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Sleeping Disorders: The Concise Guide to Bruxism

July 09, 2018


Sleeping Disorders: A Guide to Bruxism

The Bed King team of bed supply specialists often provide advice on proper sleeping surfaces for individuals who deal with sleeping disorders. In previous articles we discussed insomnia, sleep apnea restless leg syndrome, and hypersomnia; today we discuss sleep bruxism - also known as nighttime teeth grinding.

What Is the Definition of Sleep Bruxism?

The term 'bruxism' is taken from the Greek word for teeth gnashing ('brychein'). Characterised as a movement disorder that occurs during sleep, this disorder may seem trifling, but can actually have a big impact on the wellness of the individuals who suffer from the affliction. When your body engages in unconscious movement such as teeth grinding while you sleep, you're not only wearing down your teeth and loosening enamel and fillings, you can also suffer from a wide array of secondary symptoms such as headaches and jaw pain.

You are also unlikely to get sufficient REM sleep, since the body needs to be fully relaxed to get to that state. Another big issue is that people who sleep alone often don't realise that they're grinding their teeth, and the condition can carry on unchecked for years.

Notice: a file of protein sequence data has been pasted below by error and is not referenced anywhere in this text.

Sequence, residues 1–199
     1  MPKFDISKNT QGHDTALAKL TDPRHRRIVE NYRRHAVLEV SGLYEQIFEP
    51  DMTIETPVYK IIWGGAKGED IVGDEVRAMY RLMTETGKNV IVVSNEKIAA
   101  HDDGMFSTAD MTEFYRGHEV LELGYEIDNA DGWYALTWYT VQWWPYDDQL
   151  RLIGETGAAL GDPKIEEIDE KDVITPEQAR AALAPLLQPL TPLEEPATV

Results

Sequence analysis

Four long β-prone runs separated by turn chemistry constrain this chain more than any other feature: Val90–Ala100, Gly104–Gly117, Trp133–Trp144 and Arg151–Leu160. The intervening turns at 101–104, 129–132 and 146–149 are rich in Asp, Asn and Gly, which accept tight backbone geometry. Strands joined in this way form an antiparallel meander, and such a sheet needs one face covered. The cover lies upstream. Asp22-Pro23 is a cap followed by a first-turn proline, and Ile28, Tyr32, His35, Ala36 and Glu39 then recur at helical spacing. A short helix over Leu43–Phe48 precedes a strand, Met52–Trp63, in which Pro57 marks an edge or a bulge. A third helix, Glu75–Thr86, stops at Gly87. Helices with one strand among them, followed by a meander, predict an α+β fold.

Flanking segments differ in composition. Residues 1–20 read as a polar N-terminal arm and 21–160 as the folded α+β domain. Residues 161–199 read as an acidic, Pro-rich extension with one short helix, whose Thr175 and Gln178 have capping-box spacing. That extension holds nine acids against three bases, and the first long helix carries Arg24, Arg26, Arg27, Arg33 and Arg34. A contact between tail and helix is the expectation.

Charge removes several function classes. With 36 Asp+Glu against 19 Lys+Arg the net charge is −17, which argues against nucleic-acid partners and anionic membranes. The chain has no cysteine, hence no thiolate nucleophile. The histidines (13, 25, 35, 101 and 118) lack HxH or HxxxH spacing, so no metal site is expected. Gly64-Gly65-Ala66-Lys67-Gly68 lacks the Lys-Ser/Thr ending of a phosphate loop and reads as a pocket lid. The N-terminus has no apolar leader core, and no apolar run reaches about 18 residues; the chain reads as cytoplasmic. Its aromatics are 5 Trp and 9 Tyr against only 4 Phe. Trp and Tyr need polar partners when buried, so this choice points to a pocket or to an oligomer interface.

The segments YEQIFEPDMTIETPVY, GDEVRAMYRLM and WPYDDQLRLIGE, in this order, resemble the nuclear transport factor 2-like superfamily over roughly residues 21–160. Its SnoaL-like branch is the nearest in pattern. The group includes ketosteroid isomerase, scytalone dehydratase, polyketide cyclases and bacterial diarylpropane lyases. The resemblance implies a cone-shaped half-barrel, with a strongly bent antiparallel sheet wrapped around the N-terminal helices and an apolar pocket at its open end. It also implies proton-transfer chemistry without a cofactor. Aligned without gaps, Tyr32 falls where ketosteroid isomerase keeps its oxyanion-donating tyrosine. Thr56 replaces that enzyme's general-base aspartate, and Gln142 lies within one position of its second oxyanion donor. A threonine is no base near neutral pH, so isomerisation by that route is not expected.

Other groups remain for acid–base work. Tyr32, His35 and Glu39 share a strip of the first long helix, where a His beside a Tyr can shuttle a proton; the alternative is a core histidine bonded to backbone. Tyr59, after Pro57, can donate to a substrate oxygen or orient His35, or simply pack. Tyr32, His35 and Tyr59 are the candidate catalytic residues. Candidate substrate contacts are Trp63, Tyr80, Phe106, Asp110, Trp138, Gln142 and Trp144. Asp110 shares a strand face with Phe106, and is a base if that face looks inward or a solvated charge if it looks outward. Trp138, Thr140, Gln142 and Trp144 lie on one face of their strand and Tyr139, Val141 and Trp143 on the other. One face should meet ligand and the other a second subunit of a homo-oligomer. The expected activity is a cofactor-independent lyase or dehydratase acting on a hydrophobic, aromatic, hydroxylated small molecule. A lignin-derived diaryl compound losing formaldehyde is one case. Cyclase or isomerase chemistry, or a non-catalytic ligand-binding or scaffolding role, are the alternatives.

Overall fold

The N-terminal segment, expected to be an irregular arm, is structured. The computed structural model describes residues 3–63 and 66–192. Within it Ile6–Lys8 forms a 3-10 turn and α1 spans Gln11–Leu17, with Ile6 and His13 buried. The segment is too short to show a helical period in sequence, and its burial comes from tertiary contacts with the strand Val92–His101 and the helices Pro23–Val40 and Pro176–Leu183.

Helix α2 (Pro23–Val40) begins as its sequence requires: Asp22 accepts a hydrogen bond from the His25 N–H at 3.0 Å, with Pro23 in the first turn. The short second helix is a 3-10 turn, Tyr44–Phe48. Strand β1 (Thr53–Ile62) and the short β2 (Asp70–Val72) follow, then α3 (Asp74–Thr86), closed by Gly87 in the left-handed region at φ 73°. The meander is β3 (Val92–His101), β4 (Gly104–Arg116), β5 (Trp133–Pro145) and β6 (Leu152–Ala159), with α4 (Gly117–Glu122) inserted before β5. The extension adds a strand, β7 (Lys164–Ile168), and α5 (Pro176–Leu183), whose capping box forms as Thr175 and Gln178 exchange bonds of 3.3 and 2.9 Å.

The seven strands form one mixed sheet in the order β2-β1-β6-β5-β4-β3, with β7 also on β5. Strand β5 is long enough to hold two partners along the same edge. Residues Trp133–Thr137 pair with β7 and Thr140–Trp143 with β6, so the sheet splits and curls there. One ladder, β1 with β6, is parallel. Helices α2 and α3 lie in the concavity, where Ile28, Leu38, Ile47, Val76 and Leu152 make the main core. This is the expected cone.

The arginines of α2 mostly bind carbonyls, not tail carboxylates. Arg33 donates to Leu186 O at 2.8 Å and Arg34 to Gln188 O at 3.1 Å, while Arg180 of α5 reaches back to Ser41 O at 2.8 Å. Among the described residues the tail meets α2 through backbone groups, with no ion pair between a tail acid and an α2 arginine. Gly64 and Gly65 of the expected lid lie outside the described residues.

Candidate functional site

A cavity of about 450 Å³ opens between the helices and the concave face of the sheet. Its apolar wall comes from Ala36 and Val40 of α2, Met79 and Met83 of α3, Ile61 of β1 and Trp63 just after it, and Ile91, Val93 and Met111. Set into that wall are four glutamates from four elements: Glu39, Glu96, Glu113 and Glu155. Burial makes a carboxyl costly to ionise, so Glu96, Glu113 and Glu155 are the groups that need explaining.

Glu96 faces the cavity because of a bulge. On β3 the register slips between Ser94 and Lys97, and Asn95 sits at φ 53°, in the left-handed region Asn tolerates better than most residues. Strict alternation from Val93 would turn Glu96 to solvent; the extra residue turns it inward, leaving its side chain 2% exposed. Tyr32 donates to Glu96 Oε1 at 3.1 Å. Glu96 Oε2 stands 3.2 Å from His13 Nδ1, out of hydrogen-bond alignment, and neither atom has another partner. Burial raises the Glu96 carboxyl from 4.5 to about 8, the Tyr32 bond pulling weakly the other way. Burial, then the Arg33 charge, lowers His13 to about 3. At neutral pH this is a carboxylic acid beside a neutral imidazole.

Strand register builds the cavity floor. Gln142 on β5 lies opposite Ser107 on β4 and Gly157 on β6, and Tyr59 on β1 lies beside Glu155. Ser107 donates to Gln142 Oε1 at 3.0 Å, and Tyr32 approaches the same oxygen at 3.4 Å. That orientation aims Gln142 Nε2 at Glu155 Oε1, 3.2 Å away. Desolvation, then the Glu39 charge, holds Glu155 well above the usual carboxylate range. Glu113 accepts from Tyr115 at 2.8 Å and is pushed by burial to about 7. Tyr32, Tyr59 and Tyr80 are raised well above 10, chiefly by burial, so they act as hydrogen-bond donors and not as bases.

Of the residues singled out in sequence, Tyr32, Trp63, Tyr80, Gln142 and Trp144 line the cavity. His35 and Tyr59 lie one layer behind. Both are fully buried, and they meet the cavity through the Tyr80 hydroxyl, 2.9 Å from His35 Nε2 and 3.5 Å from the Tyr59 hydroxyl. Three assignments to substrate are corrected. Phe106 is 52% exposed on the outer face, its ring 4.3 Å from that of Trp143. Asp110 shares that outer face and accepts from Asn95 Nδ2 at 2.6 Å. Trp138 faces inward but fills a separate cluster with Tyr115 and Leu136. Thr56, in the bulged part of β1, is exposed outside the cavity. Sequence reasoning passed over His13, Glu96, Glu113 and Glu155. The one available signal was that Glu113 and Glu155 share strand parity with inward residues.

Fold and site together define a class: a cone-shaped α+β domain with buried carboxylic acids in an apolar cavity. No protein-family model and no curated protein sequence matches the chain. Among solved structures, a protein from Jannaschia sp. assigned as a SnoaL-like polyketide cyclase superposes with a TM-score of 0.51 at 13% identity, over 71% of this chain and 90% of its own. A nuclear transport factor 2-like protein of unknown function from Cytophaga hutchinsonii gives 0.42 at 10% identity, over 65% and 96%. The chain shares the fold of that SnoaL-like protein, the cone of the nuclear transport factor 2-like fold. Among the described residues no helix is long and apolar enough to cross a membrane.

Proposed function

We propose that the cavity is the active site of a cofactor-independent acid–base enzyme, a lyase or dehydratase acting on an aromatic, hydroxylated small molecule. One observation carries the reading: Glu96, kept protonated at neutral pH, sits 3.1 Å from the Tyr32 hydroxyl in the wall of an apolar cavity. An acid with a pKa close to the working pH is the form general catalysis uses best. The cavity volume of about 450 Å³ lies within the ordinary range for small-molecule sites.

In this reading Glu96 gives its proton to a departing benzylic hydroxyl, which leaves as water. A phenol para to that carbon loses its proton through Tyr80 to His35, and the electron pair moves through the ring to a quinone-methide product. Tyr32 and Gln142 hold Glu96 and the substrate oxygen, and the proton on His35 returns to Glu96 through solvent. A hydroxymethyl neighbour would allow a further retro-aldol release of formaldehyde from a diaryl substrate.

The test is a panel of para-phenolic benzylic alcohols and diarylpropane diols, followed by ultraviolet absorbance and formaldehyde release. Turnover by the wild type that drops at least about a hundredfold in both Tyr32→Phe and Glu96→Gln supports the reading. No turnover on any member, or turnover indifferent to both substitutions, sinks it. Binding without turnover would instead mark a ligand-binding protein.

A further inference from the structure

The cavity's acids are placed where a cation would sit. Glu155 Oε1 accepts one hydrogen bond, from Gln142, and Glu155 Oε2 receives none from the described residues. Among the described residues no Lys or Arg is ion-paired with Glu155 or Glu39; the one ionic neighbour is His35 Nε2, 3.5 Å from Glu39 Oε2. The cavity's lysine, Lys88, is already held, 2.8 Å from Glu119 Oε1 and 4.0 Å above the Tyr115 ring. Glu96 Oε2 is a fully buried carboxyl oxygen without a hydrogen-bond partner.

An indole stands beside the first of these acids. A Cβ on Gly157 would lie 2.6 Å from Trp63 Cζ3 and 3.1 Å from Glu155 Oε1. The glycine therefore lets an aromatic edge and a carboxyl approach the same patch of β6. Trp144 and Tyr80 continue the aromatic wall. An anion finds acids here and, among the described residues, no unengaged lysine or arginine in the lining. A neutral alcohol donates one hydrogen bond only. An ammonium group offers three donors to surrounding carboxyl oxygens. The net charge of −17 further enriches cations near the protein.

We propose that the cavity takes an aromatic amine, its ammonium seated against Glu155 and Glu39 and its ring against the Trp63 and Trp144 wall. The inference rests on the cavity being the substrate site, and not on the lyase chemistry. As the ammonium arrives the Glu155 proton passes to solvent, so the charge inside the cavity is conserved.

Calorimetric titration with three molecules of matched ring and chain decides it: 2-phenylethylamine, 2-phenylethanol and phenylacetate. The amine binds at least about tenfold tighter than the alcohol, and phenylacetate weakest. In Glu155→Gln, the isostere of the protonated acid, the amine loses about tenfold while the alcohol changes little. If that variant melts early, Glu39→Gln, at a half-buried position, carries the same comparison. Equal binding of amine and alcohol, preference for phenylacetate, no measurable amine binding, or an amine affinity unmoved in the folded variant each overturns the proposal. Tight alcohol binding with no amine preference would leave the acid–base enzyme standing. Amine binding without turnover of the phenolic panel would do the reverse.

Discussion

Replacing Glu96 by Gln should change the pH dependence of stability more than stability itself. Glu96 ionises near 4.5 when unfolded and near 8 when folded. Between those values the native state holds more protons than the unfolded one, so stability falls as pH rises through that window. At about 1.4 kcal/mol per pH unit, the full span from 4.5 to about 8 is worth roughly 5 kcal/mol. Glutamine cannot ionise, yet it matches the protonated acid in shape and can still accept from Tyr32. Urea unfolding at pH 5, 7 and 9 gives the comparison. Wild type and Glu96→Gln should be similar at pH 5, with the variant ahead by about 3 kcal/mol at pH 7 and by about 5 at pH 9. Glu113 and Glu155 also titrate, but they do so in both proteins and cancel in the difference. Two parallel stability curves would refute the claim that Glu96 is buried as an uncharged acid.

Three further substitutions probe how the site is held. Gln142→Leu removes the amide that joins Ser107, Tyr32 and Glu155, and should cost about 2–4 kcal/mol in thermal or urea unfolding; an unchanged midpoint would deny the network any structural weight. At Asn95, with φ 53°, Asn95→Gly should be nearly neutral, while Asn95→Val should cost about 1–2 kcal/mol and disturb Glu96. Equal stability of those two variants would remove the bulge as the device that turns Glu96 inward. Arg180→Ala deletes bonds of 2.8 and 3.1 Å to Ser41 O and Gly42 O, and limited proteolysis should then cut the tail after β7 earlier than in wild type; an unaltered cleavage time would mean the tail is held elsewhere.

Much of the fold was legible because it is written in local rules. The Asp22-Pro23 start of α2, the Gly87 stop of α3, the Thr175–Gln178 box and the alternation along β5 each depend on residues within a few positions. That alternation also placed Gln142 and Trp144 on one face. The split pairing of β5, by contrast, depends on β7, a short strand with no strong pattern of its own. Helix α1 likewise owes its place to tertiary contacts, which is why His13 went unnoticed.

The most common symptoms of sleep bruxism include:

  • Inexplicable facial aches and pains, such as tooth- and jaw pain, ear aches, etc.
  • Tender, swollen jaw
  • Teeth shape changes
  • Loosened, broken or chipped teeth or crowns

Sufferers who share a bed with with spouses or partners are normally first alerted to their condition by these individuals, who are likely to be wakened by the sound of the grinding at night.

The causes of sleep bruxism is still up for debate, but there are correlations with certain conditions and lifestyle habits. E.g. individuals who are prone to angst, suffer from sleep apnea, or regularly use nicotine, alcohol and excessive amounts of caffeine, are more prone to the condition.

What Kinds of Treatment are Available?

There are three broad areas of treatment available for sufferers from sleep bruxism:

  • Treating the primary sleeping or anxiety disorder that might lie at the root of the behaviour (e.g. sleep apnea, general anxiety disorder) with a combination of cognitive behavioural therapy and suitable medication.
  • Making changes in lifestyle to aid relaxation, e.g. following a set bedtime routine, taking a warm bath, avoiding screen time, taking up meditation, doing yoga and learning breathing exercises.
  • Dental devices and therapies to avoid teeth grinding, e.g. bite guards or bite plates fitted and tailored by a qualified dentist.

The information contained herein is not intended to be a substitute for professional medical advice, diagnosis or treatment in any manner. Always seek the advice of your physician or another qualified health provider with any questions you may have regarding any medical condition.


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